By a News Reporter-Staff News Editor at Life Science Weekly -- Current study results on Biological Factors have been published. According to news originating from New Haven, Connecticut, by NewsRx correspondents, research stated, "The effects of cerium oxide (CeO2) and indium oxide (In2O3) nanoparticles (NPs) exposure on Arabidopsis thaliana (L.) Heynh. were investigated. After inoculation in half strength MS medium amended with 0-2000 ppm CeO2 and In2O3 NPs for 25 days, both physiological and molecular responses were evaluated."
Our news journalists obtained a quote from the research from Connecticut Agricultural Experiment Station, "Exposure at 250 ppm CeO2 NPs significantly increased plant biomass, but at 500-2000 ppm, plant growth was decreased by up to 85% in a dose-dependent fashion. At 1000 and 2000 ppm CeO2 NPs, chlorophyll production was reduced by nearly 60% and 85%, respectively, and anthocyanin production was increased 35-fold. Malondialdehyde (MDA) production, a measure of lipid peroxidation, was unaffected by exposure to 250-500 ppm CeO2 NPs, but at 1000 ppm, MDA formation was increased by 2.5-fold. Exposure to 252000 ppm In2O3 NPs had no effect on A. thaliana biomass and only minor effects (15%) on root elongation. Total chlorophyll and MDA production were unaffected by In2O3 NPs exposure. Molecular response to NP exposure as measured by qPCR showed that both types of elements altered the expression of genes central to the stress response such as the sulfur assimilation and glutathione (GSH) biosynthesis pathway, a series of genes known to be significant in the detoxification of metal toxicity in plants. Interestingly, In2O3 NPs exposure resulted in a 3.84.6-fold increase in glutathione synthase (GS) transcript production, whereas CeO2 NPs yielded only a 2-fold increase. It seems likely that the significantly greater gene regulation response upon In2O3 NPs exposure was directly related to the decreased phytotoxicity relative to CeO2 treatment. The use of NP rare earth oxide elements has increased dramatically, yet knowledge on fate and toxicity has lagged behind."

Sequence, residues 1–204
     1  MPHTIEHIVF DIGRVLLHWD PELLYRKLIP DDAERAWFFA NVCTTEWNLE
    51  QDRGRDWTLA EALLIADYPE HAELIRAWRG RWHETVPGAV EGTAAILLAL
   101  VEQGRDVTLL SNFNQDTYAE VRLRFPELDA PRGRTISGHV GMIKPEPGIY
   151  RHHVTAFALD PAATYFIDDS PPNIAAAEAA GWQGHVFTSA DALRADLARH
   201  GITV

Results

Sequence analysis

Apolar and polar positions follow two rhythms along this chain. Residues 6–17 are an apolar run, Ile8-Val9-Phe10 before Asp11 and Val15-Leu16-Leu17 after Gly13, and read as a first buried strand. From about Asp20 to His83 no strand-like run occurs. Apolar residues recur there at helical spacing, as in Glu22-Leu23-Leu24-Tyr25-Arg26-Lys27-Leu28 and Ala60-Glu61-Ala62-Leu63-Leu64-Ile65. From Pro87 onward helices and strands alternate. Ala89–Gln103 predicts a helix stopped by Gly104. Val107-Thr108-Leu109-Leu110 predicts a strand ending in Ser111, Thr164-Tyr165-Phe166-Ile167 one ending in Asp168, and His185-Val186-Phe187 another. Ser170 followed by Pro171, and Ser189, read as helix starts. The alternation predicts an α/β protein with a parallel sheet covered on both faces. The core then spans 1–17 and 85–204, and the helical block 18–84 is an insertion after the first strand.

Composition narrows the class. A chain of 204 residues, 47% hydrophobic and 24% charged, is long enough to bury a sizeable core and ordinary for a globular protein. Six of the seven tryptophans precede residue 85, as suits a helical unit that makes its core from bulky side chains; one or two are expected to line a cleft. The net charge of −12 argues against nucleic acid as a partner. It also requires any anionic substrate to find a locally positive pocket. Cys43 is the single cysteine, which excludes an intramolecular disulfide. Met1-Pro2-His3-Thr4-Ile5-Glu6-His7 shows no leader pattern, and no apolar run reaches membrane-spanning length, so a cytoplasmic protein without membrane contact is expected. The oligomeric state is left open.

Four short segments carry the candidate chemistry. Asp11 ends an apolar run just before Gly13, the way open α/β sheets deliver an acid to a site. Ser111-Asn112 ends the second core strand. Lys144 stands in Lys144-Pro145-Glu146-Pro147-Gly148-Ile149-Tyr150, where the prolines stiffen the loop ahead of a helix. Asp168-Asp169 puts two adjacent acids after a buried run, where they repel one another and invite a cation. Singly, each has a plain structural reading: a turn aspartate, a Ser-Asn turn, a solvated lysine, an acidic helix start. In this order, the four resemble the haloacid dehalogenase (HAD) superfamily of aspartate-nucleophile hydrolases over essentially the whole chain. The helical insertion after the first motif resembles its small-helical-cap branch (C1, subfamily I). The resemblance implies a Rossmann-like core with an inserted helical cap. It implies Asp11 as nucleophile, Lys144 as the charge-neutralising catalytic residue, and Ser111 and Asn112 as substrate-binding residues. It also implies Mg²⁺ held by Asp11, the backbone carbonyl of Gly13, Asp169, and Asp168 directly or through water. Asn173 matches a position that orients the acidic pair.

According to the news editors, the research concluded: "To our knowledge, this is the first report evaluating both physiological and molecular plant response from exposure to these important nanoparticles."
For more information on this research see: Physiological and Molecular Response of Arabidopsis thaliana (L.) to Nanoparticle Cerium and Indium Oxide Exposure. ACS Sustainable Chemistry & Engineering, 2013;1(7):768-778. ACS Sustainable Chemistry & Engineering can be contacted at: Amer Chemical Soc, 1155 16TH St, NW, Washington, DC 20036, USA (see also Biological Factors).
The news correspondents report that additional information may be obtained from C.X. Ma, Connecticut Agr Expt Stn, Dept. of Analyt Chem, New Haven, CT 06504, United States. Additional authors for this research include S. Chhikara, B.S. Xing, C. Musante, J.C. White and O.P. Dhankher.
Keywords for this news article include: Cerium, Indium, New Haven, Connecticut, Heavy Metals, Nanoparticle, United States, Nanotechnology, Biological Factors, Emerging Technologies, North and Central America, Lanthanoid Series Elements
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